The article considers John Greco's conception of testimonial knowledge that aims to overthrow three sceptical arguments against religious knowledge. Prof. Greco presupposes that a religious community already possesses a true religious belief and its reliability is justified exclusively by means of the reliability of transmission. The author puts this conception into question and presents some sceptical arguments regarding the initial origination of a religious belief and verifying the truth-ness of a religious belief in front of epistemic disagreement problem. In particular, he draws an attention on three moments: 1) difference between inside and outside position as to any religious community, 2) lack of inductive verifying evidence in support of religious knowledge, and 3) difference between origination a belief in a community for the first time and transmission of beliefs already given in a community. The author takes a perspective of an outsider who doesn't belong to any religious community. Firstly, he suggests another from Greco's version of the “luck argument", which concerns the luck in origination of a belief, not the accidence in spreading it. John Greco solves a problem that arises from argument of luck as far as it regards transmission of beliefs inside a community. The author argues that the genuine problem is to establish an originating source of a religious belief, and taking that into consideration, testimonial evidence cannot eliminate this kind of luck. Secondly, he observes the problem of disagreement among different religious communities. He shows that an outsider doesn't have any epistemic reason to prefer one of the conflicting religious beliefs of different communities, for he doesn't belong to any of them. Thus, the problem of “epistemic peers" still remains unsolved.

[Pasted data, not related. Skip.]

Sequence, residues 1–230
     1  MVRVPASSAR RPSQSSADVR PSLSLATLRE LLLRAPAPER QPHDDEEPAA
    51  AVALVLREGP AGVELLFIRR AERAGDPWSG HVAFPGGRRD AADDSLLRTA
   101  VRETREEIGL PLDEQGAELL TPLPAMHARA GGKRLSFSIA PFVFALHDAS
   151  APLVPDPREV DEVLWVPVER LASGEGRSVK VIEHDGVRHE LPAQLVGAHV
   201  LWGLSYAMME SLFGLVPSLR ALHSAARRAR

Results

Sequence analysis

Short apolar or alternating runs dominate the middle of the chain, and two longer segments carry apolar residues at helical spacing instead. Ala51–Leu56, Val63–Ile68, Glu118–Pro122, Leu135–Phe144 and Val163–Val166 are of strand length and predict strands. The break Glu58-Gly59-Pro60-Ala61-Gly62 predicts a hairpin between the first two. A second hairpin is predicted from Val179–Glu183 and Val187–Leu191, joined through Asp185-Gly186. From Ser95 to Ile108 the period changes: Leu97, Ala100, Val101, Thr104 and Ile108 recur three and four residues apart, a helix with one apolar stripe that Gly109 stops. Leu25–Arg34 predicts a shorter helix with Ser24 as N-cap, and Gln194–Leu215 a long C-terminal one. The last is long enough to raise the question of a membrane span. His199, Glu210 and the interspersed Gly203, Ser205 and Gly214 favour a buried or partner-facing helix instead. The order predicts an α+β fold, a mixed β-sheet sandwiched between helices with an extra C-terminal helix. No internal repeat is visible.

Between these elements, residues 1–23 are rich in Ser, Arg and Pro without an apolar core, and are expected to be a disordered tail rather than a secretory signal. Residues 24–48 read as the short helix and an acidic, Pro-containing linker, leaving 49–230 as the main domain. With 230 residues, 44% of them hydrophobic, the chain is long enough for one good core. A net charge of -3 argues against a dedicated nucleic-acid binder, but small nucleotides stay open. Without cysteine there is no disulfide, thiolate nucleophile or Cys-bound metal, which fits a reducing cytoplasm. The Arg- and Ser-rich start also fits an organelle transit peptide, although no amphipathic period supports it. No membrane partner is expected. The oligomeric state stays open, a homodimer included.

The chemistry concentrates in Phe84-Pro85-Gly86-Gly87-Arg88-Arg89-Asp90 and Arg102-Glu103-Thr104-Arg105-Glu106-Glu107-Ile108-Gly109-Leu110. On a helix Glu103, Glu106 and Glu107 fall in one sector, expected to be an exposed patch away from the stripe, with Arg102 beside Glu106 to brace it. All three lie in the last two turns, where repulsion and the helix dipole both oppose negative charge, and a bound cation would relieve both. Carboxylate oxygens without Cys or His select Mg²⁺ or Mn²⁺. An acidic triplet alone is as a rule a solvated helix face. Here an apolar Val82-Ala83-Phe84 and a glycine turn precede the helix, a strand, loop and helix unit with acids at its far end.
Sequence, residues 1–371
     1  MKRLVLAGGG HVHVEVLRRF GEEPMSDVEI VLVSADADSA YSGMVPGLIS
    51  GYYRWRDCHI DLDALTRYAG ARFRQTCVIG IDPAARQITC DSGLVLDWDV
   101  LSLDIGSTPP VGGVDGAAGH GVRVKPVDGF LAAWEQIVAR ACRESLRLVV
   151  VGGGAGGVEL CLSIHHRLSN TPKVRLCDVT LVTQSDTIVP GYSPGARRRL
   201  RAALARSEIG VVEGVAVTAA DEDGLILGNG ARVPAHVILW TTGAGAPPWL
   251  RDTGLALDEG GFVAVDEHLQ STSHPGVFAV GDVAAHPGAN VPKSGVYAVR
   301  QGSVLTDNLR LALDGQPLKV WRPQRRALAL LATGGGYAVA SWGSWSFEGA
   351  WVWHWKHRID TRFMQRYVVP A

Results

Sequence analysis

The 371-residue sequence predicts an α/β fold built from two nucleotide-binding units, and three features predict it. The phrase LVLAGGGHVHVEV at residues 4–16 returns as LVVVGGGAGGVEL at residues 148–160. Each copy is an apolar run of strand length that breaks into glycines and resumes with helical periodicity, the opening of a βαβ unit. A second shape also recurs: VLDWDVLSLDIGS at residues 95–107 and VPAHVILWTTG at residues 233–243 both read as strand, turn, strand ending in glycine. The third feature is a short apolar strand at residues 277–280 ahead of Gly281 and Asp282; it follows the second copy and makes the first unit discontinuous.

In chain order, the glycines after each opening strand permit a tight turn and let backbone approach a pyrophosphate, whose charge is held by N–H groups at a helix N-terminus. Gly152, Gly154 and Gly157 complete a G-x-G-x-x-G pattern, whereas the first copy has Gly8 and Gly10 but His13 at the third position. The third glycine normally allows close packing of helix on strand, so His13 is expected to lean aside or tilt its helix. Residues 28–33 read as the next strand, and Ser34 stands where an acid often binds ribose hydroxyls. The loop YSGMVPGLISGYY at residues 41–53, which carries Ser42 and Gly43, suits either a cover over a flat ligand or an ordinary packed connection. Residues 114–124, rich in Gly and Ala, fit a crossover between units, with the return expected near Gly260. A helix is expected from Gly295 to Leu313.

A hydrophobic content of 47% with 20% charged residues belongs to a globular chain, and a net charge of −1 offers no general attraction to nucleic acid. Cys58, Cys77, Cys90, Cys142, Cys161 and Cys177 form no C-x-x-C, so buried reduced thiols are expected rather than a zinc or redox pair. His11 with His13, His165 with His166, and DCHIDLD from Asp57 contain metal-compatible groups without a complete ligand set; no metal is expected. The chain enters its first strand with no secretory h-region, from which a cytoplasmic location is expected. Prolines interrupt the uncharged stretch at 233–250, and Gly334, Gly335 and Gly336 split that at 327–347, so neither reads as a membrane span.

Keywords Contemporary Philosophy  Philosophy of Science
Categories No categories specified
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ISBN(s) 1811-833X
DOI 10.5840/eps201753348
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